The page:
On 23 September 1940, Piet Mondrian boarded the White Star liner Samaria at Liverpool and sailed for New York. He died there three years later. For the previous two years, now largely forgotten, the Dutch Neo-Plasticist had been living in London, in Belsize Park. He had moved there less from a fear of war than because Alfred H Barr, founder of the Museum of Modern Art in New York, had said that England was the one place where pure abstraction would survive. He was wrong.
The British have always had an odd relationship to abstract art. At times, it has seemed on the point of becoming the national style. This was true in 1938, when Mondrian moved here: painters such as Ben Nicholson and John Piper were making pure abstract works, strongly influenced by the Dutchman’s. By 1940, when Mondrian left for America, abstraction had been unofficially outlawed by Sir Kenneth Clark. It came to the fore again in the 1960s, most memorably in the work of painters such as Bridget Riley and Patrick Heron. Again, the recovery was short-lived. This time, it was painting as a whole that came under attack, from the ironising of Postmodernism and theoretical rigours of Conceptualism. Abstract painting, always the hardest to put into words, suffered particularly.
So it is heartening to see this show, and particularly the work of its five degree-show student finalists. Like that of their selectors, this work suggests a truth about abstraction by no means universally acknowledged. Abstract art does not sit outside the mainstream of art in general, locked away in an ivory tower: it is part of the cut-and-thrust of art-making, of the way we are now. Each of the artists in this show is entirely contemporary, and has dealt with contemporaneity in his or her own way.
They are also young: the average age of the short-listed artists for the first abstract critical Newcomer Awards show is 27. This implies an interesting problem. Abstract painting has been out of fashion in most British art schools for at least the last 20 years. If you have wanted to learn about installation or performance or video, there has been no lack of examples to follow or teachers to point you to them. As at British schools after the Second World War, would-be abstract painters have had a much leaner time of it. To a large extent, students such as the ones in this show have had to reinvent abstraction from the ground up. While their German coevals had a more robust tradition to attach themselves to – it is no accident that the only Turner-Prize-winning abstract painter of recent times was born and raised in Kiel – the British chain was broken. Abstraction now is as new as it gets.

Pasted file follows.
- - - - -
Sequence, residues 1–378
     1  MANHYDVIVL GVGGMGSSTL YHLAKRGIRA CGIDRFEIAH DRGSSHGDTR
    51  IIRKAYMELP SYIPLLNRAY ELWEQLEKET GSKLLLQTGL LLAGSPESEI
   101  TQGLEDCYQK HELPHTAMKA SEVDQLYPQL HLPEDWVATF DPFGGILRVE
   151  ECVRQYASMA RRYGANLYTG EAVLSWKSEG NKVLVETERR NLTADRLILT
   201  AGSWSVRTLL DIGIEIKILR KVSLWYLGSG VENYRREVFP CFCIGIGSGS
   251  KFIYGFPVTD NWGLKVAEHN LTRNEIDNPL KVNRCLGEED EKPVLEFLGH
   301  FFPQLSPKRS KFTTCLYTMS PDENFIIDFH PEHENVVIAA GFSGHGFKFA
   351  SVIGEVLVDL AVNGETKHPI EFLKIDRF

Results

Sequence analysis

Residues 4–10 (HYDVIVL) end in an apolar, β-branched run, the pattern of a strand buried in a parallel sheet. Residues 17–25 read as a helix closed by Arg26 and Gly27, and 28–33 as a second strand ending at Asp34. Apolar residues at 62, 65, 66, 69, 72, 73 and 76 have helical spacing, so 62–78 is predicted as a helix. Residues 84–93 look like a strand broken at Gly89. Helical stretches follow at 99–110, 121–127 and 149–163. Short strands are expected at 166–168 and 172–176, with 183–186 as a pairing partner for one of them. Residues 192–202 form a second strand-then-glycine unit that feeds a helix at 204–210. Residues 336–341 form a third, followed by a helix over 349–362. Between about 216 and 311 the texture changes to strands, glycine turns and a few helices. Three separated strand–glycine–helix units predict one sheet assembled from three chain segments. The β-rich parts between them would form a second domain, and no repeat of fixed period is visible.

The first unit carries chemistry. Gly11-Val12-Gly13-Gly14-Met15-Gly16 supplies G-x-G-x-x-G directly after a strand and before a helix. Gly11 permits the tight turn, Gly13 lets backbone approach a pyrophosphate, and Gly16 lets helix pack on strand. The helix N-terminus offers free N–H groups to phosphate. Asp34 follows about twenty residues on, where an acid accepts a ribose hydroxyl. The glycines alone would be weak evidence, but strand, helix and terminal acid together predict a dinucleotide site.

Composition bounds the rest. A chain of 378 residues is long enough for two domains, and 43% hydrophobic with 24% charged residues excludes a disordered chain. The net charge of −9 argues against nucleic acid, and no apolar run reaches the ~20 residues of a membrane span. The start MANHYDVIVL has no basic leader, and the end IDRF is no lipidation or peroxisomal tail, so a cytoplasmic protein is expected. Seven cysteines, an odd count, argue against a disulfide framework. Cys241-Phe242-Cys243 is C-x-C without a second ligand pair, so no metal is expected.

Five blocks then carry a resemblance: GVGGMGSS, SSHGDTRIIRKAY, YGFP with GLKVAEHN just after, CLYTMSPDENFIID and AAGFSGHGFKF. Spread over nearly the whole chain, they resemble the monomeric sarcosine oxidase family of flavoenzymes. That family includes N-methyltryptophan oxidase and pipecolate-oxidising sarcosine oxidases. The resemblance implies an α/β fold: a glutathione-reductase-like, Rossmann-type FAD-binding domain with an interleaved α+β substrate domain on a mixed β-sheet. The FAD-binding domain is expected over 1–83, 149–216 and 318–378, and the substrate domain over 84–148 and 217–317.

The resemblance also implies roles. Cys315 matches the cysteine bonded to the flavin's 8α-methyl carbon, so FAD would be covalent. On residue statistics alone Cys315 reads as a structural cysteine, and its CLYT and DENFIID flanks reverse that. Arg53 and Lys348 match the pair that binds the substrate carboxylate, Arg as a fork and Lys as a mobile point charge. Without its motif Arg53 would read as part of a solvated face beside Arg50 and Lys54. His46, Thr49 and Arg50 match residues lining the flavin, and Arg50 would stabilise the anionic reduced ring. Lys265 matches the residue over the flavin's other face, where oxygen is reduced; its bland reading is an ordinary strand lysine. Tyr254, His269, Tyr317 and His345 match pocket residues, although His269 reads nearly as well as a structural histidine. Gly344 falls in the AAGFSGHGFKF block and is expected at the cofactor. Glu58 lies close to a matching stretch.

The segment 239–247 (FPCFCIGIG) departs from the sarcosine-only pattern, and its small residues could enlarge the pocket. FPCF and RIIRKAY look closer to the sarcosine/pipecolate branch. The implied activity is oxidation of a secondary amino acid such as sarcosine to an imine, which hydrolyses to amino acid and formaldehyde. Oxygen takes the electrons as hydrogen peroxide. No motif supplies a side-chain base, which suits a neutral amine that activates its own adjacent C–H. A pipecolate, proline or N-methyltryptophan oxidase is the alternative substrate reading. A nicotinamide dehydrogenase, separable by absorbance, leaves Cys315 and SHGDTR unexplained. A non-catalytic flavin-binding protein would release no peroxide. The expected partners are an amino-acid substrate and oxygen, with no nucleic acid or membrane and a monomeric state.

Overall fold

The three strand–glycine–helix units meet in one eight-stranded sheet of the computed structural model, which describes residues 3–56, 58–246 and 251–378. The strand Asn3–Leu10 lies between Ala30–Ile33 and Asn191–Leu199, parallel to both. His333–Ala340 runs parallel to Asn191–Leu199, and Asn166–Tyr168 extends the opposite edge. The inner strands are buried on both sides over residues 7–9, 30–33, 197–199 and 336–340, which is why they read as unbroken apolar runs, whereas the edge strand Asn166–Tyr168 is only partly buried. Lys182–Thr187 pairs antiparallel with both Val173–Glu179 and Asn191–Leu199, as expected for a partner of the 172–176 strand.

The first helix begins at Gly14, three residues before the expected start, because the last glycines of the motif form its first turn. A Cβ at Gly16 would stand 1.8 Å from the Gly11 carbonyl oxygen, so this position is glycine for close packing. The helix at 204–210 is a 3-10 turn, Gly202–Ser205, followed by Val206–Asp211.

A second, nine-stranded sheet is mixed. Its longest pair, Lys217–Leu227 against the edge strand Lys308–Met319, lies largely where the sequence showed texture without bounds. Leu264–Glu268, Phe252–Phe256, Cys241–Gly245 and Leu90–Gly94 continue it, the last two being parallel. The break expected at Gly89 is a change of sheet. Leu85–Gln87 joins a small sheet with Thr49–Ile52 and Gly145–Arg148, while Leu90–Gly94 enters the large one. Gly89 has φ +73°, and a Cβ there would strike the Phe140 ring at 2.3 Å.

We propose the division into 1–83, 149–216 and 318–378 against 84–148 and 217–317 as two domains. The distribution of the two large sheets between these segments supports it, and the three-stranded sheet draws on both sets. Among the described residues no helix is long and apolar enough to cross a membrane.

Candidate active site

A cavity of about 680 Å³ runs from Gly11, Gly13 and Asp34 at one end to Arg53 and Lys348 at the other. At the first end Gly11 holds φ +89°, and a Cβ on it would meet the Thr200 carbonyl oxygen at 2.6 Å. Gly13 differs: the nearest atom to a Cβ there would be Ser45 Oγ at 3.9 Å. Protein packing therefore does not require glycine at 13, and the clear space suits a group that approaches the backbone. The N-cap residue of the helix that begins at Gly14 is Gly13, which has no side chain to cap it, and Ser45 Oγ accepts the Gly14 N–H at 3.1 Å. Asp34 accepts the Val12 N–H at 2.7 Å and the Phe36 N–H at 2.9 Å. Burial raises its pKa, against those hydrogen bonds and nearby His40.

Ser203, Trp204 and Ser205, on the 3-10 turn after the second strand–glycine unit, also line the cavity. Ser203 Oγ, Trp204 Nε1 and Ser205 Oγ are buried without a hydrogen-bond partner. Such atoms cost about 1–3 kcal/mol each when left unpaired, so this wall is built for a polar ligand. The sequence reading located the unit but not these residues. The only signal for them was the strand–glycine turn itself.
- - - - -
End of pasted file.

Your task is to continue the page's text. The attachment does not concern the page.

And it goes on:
The work in this show suggests how immensely liberating that newness is. To the question, What is abstraction? the five participating artists have produced five different answers. At first glance, Zara Idelson’s In the Garden seems to follow in an English lyrical tradition, although a second look suggests something tougher and more dangerous going on. Dan Roach, too, understands the history of abstraction, but peoples his own new abstract world with hexagons – wavering ghost-shapes that cluster and disperse like living cells. Like the painting itself, the title of Gwenann Thomas’s Black, like snow plays with ideas of prettiness only to dismiss them. Jack Sutherland’s Prosecution of the Grand Dream edges towards geometric abstraction while at the same time leading us into a precise and perspectival dream-world. And Looking Good by Katy Kirbach takes its painstaking grammar and meticulous forms to an end that is unexpectedly allusive and poetic. There is no single voice to the work in this show, which is as it should be. Diversity is a measure of strength, a sign of growth. Perhaps Alfred Barr was right.
Charles Darwent is art critic of the Independent on Sunday.